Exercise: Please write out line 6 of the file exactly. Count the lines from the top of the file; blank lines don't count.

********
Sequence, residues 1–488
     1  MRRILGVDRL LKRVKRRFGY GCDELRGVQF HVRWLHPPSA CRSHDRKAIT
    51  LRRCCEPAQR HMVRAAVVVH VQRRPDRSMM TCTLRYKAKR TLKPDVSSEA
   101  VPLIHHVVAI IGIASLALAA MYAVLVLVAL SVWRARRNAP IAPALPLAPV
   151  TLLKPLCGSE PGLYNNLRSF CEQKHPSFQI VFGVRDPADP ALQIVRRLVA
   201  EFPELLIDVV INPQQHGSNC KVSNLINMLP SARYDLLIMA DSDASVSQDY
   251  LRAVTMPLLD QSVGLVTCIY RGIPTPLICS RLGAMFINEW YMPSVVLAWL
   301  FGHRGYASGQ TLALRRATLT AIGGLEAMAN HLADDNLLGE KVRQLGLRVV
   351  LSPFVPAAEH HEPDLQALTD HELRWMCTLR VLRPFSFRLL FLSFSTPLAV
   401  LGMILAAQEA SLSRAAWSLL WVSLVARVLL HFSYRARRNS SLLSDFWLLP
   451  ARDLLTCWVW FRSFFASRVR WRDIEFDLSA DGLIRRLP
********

   201  EFPELLIDVV INPQQHGSNC KVSNLINMLP SARYDLLIMA DSDASVSQDY